The meat meals that come out of a rendering process look like brown powder. The meat chunks in the contaminated Evangers cans are obviously and beyond a doubt meat chunks. Whether from a cow, a horse, or any other animal, that animal walked into the facility, was killed, and ended up sold to Evangers as meat. This doesn’t say anything about its quality, only that it could NOT have been euthanized with sodium pen. Hunk of Beef is a large chunk of meat, plus water, that is cooked in the can. Unless deliberate product tampering took place, it is beyond explaining how sodium pentobarbital came to be there.

        But the packing and rendering companies are extremely cagey about being identified with any manufacturer of pet food. Why? This needs and deserves some attention!

        1. Reader

          Thank you for the information because you’ve been spending a lot of time on research. Much appreciated. Actually the explanation is what Evangers should’ve provided in full transparency. Their “public relations” skills are very lacking in favor of being quite combative instead.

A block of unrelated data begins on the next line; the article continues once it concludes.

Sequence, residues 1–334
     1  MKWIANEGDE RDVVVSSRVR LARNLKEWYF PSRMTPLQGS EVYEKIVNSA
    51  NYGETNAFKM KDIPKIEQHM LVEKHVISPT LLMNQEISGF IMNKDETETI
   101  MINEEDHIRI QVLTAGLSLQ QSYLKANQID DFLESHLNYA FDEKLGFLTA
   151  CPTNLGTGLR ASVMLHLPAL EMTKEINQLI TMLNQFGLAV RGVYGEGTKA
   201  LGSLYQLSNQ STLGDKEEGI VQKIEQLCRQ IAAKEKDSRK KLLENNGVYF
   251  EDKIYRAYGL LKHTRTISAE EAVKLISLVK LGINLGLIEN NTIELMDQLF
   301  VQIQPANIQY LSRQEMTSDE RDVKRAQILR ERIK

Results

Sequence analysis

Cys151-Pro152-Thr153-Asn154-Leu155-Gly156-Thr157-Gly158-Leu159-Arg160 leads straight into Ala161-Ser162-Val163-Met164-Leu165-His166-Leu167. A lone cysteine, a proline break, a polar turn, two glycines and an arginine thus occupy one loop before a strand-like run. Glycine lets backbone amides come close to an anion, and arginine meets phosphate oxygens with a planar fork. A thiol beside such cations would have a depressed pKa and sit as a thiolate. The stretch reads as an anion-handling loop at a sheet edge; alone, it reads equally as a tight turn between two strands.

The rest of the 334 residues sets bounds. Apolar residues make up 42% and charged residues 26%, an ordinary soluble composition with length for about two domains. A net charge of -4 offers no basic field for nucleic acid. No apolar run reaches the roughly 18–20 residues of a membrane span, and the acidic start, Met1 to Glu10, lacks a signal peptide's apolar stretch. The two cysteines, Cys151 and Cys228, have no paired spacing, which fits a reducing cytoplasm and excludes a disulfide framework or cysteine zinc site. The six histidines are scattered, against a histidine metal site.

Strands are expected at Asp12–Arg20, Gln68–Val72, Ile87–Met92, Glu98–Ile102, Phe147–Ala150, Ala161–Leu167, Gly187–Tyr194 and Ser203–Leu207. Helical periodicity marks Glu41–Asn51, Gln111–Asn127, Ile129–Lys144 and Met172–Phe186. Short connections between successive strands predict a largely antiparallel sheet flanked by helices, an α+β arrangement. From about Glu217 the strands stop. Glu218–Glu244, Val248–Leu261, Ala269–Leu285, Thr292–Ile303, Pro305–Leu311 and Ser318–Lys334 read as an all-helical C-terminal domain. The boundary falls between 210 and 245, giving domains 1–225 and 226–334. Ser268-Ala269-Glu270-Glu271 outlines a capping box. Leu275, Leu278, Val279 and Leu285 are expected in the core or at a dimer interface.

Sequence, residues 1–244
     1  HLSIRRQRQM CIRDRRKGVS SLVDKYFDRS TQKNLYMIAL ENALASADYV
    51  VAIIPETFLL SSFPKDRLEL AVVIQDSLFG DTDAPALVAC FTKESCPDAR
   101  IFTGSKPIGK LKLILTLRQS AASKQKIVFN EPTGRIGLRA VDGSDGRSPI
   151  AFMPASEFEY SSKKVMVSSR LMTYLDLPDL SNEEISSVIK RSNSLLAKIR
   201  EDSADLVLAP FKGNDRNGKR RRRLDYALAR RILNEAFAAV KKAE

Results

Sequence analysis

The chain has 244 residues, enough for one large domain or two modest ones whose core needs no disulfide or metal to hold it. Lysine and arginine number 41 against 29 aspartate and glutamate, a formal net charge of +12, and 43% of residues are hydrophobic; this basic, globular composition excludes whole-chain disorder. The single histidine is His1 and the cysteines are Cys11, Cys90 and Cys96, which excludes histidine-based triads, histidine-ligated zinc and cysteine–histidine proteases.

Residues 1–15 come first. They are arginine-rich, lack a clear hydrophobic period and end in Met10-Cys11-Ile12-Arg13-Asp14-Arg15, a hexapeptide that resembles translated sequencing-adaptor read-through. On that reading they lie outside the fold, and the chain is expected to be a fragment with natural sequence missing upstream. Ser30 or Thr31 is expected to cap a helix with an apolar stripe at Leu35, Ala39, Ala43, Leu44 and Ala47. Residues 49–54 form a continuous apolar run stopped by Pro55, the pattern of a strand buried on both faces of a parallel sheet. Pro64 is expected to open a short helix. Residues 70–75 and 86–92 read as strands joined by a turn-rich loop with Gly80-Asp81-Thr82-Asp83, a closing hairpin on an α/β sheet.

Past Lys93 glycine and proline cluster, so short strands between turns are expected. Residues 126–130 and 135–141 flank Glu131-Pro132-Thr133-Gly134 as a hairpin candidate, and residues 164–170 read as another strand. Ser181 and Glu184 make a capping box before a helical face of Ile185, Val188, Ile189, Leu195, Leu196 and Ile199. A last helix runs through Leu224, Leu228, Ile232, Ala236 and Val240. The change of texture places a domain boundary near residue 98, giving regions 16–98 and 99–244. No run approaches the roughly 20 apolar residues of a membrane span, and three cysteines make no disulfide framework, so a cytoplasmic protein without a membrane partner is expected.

My response to the tampering theory is this. Either the competition is (or was) very jealous of Evangers perceived quality, they decided to take them down a notch. Or Evangers has made their own share of enemies the old fashioned way. Heaven only knows what they’ve done to earn that kind of reputation.

          But if they know the supply chain as well as you do, wouldn’t a company feeling truly victimized have reported the names of all the suppliers they use? After all, doing so would be a best kind of safety check point in the best interest of the public..

        2. Hi Laurie,

          I’ll take the last comment first re: intentional adulteration. Evanger’s most likely received the contaminated meat (horse, beef – whatever) from a supplier who sold them euthanized animals. How that probably happened is that a dead animal hauler picked up the carcasses from a veterinary university (or some other location) and instead of delivering it to a renderer for processing sold it to a meat processing facility (not under USDA inspection). Legally, a dead animal hauler is supposed to deliver it to a renderer not a meat processing facility.